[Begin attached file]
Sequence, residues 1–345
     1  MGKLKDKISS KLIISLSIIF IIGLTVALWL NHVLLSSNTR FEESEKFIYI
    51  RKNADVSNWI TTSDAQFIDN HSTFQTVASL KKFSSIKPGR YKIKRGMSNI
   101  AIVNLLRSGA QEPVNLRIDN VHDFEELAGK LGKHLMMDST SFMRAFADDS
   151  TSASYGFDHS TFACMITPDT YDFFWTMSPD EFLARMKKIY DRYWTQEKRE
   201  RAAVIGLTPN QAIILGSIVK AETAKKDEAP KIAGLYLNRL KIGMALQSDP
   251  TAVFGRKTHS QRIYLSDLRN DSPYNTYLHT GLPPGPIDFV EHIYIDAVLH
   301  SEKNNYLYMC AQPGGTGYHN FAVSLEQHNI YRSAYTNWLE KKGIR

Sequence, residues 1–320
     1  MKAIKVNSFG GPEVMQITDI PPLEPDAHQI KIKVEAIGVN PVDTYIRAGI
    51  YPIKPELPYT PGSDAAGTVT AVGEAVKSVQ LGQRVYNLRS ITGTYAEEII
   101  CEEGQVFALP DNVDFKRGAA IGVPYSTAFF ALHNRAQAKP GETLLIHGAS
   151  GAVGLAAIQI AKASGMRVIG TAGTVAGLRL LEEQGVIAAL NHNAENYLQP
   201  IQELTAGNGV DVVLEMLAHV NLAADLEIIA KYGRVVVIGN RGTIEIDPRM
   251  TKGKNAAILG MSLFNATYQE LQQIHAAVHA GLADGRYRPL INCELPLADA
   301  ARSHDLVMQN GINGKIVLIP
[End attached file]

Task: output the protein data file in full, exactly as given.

Sequence, residues 1–345
     1  MGKLKDKISS KLIISLSIIF IIGLTVALWL NHVLLSSNTR FEESEKFIYI
    51  RKNADVSNWI TTSDAQFIDN HSTFQTVASL KKFSSIKPGR YKIKRGMSNI
   101  AIVNLLRSGA QEPVNLRIDN VHDFEELAGK LGKHLMMDST SFMRAFADDS
   151  TSASYGFDHS TFACMITPDT YDFFWTMSPD EFLARMKKIY DRYWTQEKRE
   201  RAAVIGLTPN QAIILGSIVK AETAKKDEAP KIAGLYLNRL KIGMALQSDP
   251  TAVFGRKTHS QRIYLSDLRN DSPYNTYLHT GLPPGPIDFV EHIYIDAVLH
   301  SEKNNYLYMC AQPGGTGYHN FAVSLEQHNI YRSAYTNWLE KKGIR

Sequence, residues 1–320
     1  MKAIKVNSFG GPEVMQITDI PPLEPDAHQI KIKVEAIGVN PVDTYIRAGI
    51  YPIKPELPYT PGSDAAGTVT AVGEAVKSVQ LGQRVYNLRS ITGTYAEEII
   101  CEEGQVFALP DNVDFKRGAA IGVPYSTAFF ALHNRAQAKP GETLLIHGAS
   151  GAVGLAAIQI AKASGMRVIG TAGTVAGLRL LEEQGVIAAL NHNAENYLQP
   201  IQELTAGNGV DVVLEMLAHV NLAADLEIIA KYGRVVVIGN RGTIEIDPRM
   251  TKGKNAAILG MSLFNATYQE LQQIHAAVHA GLADGRYRPL INCELPLADA
   301  ARSHDLVMQN GINGKIVLIP